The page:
Research IoT Rwanda
Join our team researching Internet of Things technologies and policies in East Africa. Each year, a team of students will collaborate with Dr. Maitland, together with faculty from Carnegie Mellon Africa and University of Rwanda, as well as their Penn State advisor.
Why IoT? Why Rwanda?
Rwanda is a innovative country, located in the tech hub of East Africa. The country has made IT a pillar of its development plan, attracting investments and making it the choice for Carnegie Mellon’s Africa campus.
IoT technologies will play a critical role in the country’s development, but also have the potential to connect into the global ‘Big Data’ ecosystem. Students will gain research skills while understanding the global context of IoT as well as Big Data.
Also, IoT technologies are very flexible and can be used in a variety of application domains, including agriculture, energy, migration, the environment and much more.
To apply – We are now recruiting for travel in spring of 2023. Please contact Dr. Maitland about potential opportunities. Consult our possible projects for 2023.
As an example of past research, read more about our ‘Drones and Agriculture‘ project. See our paper ‘Agency and Extraction in Emerging Industrial Drone Applications: Imaginaries of Rwandan FarmWorkers and Community Members‘ for greater insight.
Penn State faculty interested in having their student(s) involved in the program should contact Carleen Maitland to discuss potential research interests.
The overall program is funded through NSF’s International Research Experiences for Students (IRES) program. This program is intended to have U.S. students join research teams in an international location, providing the students with exposure to research cultures in different countries. In this case, students will join research projects being undertaken by faculty in Rwanda. While this creates some constraints on the type of projects, there is some flexibility.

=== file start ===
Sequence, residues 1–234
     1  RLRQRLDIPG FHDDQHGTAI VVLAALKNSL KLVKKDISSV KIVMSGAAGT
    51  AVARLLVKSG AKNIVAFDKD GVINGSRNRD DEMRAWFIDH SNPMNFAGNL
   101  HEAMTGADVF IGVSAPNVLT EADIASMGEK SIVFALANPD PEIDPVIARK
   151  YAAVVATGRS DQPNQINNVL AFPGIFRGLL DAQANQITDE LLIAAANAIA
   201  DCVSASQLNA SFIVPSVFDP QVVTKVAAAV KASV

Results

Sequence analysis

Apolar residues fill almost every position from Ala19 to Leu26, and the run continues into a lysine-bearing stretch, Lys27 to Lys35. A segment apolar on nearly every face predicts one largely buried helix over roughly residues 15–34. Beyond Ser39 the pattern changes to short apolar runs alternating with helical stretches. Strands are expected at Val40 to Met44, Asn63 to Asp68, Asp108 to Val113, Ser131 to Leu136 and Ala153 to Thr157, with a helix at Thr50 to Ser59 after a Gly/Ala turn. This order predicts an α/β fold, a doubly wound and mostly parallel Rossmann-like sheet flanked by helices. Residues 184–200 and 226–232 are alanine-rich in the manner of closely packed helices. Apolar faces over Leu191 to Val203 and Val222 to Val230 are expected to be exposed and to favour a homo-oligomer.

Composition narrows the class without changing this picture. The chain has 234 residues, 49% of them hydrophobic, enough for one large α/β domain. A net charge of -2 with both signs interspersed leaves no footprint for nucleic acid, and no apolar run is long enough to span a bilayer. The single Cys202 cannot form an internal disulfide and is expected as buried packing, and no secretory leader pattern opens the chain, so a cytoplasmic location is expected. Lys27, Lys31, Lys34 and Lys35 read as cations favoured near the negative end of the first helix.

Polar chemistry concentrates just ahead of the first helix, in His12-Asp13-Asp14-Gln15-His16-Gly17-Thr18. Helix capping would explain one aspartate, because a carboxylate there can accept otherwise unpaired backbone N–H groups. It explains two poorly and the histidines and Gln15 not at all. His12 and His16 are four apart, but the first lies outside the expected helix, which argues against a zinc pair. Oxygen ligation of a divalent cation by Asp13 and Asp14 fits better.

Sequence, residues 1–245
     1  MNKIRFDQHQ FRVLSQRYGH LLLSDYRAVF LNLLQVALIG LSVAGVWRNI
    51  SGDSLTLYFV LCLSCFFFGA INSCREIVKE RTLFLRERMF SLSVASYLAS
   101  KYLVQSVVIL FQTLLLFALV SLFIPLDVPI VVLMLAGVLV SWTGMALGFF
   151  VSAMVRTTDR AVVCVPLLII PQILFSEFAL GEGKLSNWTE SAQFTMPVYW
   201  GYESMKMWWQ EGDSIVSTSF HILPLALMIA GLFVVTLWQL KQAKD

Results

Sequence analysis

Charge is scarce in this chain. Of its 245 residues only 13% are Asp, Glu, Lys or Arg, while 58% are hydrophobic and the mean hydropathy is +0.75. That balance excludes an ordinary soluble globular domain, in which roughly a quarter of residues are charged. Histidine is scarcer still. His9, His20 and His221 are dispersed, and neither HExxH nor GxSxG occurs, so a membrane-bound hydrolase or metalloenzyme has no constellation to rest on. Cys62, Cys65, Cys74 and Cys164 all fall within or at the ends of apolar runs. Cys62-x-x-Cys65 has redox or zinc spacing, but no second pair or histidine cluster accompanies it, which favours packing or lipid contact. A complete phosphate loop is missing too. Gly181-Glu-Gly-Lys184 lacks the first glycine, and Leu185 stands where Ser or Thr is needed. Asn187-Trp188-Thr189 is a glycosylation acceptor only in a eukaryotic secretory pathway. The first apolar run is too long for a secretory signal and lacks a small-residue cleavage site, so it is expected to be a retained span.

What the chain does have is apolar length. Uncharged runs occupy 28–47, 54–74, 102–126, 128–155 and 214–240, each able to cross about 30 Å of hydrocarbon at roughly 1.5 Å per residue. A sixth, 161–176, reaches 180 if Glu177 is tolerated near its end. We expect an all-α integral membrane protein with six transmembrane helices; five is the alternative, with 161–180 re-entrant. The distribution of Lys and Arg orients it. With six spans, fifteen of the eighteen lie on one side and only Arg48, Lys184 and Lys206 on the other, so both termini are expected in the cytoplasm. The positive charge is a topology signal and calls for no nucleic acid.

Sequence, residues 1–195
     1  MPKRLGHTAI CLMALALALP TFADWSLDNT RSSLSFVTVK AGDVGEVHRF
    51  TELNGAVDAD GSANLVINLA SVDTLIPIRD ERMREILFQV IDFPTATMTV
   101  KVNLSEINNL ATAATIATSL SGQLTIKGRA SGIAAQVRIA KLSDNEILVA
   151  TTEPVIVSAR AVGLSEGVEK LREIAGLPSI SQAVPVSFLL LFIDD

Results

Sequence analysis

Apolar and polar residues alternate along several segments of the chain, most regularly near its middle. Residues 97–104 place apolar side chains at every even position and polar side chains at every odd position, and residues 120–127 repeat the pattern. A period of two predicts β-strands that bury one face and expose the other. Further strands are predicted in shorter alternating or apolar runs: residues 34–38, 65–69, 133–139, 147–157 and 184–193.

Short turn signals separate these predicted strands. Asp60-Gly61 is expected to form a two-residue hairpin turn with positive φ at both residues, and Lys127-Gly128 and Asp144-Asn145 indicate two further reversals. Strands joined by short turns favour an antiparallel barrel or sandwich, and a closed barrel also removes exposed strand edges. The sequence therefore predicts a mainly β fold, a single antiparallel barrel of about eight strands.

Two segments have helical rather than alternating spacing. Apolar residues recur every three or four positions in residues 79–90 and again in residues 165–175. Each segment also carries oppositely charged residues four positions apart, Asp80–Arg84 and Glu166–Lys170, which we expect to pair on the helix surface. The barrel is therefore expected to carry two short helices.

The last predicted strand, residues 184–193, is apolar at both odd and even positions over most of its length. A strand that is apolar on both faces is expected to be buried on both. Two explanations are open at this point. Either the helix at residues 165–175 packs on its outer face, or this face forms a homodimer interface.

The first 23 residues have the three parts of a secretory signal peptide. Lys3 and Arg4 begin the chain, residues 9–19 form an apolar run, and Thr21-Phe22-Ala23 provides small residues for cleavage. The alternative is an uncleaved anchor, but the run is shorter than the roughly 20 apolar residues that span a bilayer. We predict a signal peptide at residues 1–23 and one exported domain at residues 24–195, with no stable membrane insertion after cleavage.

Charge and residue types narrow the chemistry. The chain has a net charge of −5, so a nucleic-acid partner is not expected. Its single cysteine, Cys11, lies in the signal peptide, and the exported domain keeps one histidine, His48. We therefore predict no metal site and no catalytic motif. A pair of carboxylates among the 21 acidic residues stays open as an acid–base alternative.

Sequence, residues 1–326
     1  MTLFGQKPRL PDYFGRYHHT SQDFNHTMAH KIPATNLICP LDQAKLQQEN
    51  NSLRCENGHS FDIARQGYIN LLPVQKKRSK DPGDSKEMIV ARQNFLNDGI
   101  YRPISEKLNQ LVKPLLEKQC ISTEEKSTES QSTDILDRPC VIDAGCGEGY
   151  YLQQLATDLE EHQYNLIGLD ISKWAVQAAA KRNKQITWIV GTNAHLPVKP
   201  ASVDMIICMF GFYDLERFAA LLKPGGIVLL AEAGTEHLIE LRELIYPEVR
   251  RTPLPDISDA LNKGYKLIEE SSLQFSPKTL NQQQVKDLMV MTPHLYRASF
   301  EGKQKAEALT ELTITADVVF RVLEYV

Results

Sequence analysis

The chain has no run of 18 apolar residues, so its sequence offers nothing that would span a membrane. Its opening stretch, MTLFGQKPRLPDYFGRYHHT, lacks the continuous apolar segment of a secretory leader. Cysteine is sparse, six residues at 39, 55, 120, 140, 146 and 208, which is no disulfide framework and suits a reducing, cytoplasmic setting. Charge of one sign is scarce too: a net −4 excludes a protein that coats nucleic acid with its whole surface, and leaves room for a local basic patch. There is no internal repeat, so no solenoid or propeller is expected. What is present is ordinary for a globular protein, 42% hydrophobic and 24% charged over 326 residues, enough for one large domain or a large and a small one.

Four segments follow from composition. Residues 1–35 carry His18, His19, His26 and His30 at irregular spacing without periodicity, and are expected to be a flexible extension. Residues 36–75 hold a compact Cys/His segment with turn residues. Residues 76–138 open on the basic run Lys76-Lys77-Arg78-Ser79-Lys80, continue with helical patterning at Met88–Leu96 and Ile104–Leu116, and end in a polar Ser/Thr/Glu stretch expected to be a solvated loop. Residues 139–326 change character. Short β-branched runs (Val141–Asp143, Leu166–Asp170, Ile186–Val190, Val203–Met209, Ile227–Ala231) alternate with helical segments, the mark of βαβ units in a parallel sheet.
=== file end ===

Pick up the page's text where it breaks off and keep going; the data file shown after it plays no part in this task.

It is expected that students will develop publishable research papers from this experience, with the Penn State advisor playing a role (to the extent this is desired by the advisor). Ideally, students will participate in group meetings (or a one credit seminar) in the spring prior to the field research period. In the fall, upon their return, the student is expected to participate in a more intensive course (2 credits) to reflect, process data and write a publishable paper. This paper will be written together with the faculty team and may include other students.
Fulfilling the promise of ‘Big Data’ requires accurate and timely data from countries across the globe. Internet-of-Things (IoT) technologies, such as remote sensors and unmanned aerial vehicles (UAVs), have the potential to contribute to global data hubs.
However, most IoT applications and their data structures are designed to solve local problems, such as crop protection and local food shortage predictions. With funding from the National Science Foundation, this project will train 18 U.S. master’s students (6 per cohort) in multicriteria design of and policies for IoT systems with the aim of making local IoT data available to global data scientists.
The project involves collaborations with professors/mentors at University of Rwanda and Carnegie Mellon Africa, both in Kigali, Rwanda, the former of which serves as the Center of Excellence for IoT under the World Bank’s Eastern and Southern Africa Higher Education Centers of Excellence program. Through the collaboration, students will receive interdisciplinary research training in wireless networks, software engineering, policy studies and sociotechnical systems. This interdisciplinary training will enable designs of low cost IoT systems, usable in a range of contexts, including the U.S., while increasing access to data by biology/agriculture and forced migration scientists. The training will also enhance students’ as well as the project’s advisory board, consisting of academic scientists and an industry innovation professional, on information and communication technology (ICT) innovations systems in East Africa, expanding global perspectives within the U.S. IT workforce.
For more information, contact Dr. Carleen Maitland at firstname.lastname@example.org
Funding provided by NSF through award #1827170